I’ve received at least one email, and now a comment about sudden flash death induced by or related to LPA design’s Control TL PocketWizards. Moreover, a recent post on Canon rumors has a link to a paper, purportedly produced by LPA Design employees summarizing their investigation into flashes failing.
LPA design claims to have received reports from 120-140 customers that their 580EX II flashes, has been damaged within the past 18 months with similar symptoms. The symptom specifically is the inability for the damaged flash to produce controlled bursts. Lacking the ability to control the output, the flash will make a full power discharge all the time, even for TTL pre-flashes.
TLDR, The Brass Tacks
- The potential exists with at least Canon’s 580Ex II and possibly Nissin’s Di866 (I’ve received a report of a Nissin Di866 being fried in a similar manner) flashes that a failure can occur.
- The failure doesn’t appear to be related to heat buildup, so AC-5 soft shields aren’t a problem.
- The failure appears to be strongly related to an electrical arc formed between the flash tube and the flash’s reflector, eventually frying the controller.
- Replacing the fired controller, doesn’t fix the problem, and the flash will die again, even if it’s never used with a PocketWizard.
- LPA Design claims that failures have happened to less than 0.5% of the MiniTT1/FlexTT5 units, and less than 1% of 580EXII flashes connected.
From my interpretation of the LPA design report, the problem lies in the flash and not the PocketWizards.
Moreover, it seems that if your flash exhibits defects that lead to the failure use becomes a consideration. In LPA Design’s tests, the arcing occurred randomly, even in HSS discharges where you would expect to see it in every “pop”.
Finally, it’s entirely likely that as many 580EX II flashes are failing on users who aren’t using PocketWizards at all, but we’re not hearing about it since they either aren’t being used as much or simply are being considered a case of random broken equipment by the users.
A Deeper Analysis
The LPA investigation tracked down the problem to 2 main areas. First, the failure is ultimately noticed when the insulated-gate bipolar transistor (IGBT) that controls the actual flow of current to the flash tube dies. Secondly, it appears that the IGBT dies due to repeated arcing between the flash tube and the reflector behind it.
Before I go any further, I want to take a moment to talk about how this stuff all works. The IGBT is used like a switch. It allows the flash’s onboard microprocessor, which run at considerably lower voltages, to accurately and quickly start and stop the flash’s discharge as needed without being fried. The IGBT is designed for this kind of work.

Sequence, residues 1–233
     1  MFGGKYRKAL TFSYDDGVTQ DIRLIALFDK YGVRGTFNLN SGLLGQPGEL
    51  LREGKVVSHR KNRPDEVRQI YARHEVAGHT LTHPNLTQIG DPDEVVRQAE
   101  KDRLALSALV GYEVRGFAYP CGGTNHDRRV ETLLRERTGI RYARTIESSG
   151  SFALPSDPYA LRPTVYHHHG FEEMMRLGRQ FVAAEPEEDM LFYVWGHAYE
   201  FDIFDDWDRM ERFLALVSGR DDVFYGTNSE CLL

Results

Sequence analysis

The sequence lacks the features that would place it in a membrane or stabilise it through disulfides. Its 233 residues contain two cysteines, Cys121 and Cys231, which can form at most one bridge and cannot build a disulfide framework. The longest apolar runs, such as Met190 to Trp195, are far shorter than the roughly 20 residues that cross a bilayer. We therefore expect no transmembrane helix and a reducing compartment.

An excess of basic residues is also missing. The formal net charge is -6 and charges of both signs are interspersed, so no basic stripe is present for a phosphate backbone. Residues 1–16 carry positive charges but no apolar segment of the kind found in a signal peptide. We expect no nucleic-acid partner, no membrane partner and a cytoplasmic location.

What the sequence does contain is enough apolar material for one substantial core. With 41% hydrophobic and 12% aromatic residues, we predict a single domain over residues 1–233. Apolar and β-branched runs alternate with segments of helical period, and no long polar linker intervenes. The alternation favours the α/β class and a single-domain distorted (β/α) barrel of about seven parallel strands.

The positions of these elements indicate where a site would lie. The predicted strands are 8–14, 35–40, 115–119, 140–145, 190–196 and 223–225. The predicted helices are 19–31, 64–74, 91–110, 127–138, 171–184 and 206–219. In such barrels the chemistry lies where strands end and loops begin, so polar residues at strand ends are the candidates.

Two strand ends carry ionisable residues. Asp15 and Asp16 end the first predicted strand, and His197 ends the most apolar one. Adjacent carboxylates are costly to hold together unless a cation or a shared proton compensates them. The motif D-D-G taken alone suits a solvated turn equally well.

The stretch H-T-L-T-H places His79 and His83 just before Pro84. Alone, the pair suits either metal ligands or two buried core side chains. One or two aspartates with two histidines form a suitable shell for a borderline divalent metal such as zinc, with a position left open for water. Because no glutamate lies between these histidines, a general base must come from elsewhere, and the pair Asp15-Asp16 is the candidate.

The big picture view is something like this. The camera or Control TL PocketWizard, talks to the flash using a defined set of signals, this is the ETTL protocol. These signals could say things like “set power to 1/2” or “Fire.” The exact meaning of these signals is defined by the protocol, and this is what everyone has to reverse engineer to produce Canon or Nikon compatible flashes.
The diagram below shows a simple example of how this plays out in a flash during a full TTL pre-flash and exposure cycle. The diagram shows time progressing from top to bottom. The first set of arrows (from left to right) represent the TTL commands sent to the flash by the camera. The step wave form under IGBT drive voltage, shows the control voltage applied to the IGBT by the microprocessor (this maxes out usually between 2.5 and 4 volts, and switching several 100 volts). Finally, the curvy lines on the far right, show the flash light output intensity (towards the right) and time (top to bottom).
The camera sends a series of commands to the flash’s microprocessor, as a digital (1s and 0s) signal. These settings tell the flash’s microprocessor what the desired power is and when appropriate instructing the flash to fire. The flash’s microprocessor converts these commands from power levels into how long it should leave let the flash fire.
When instructed to fire, the microprocessor’s changes the voltage on one of its low voltage signal lines, which in turn causes the IGBT to allow current to pass to the flash tube. When the desired amount of flash power has been emitted the microprocessor stops providing a signal to the IGBT which in turn stops allowing current to flow though the flash tube.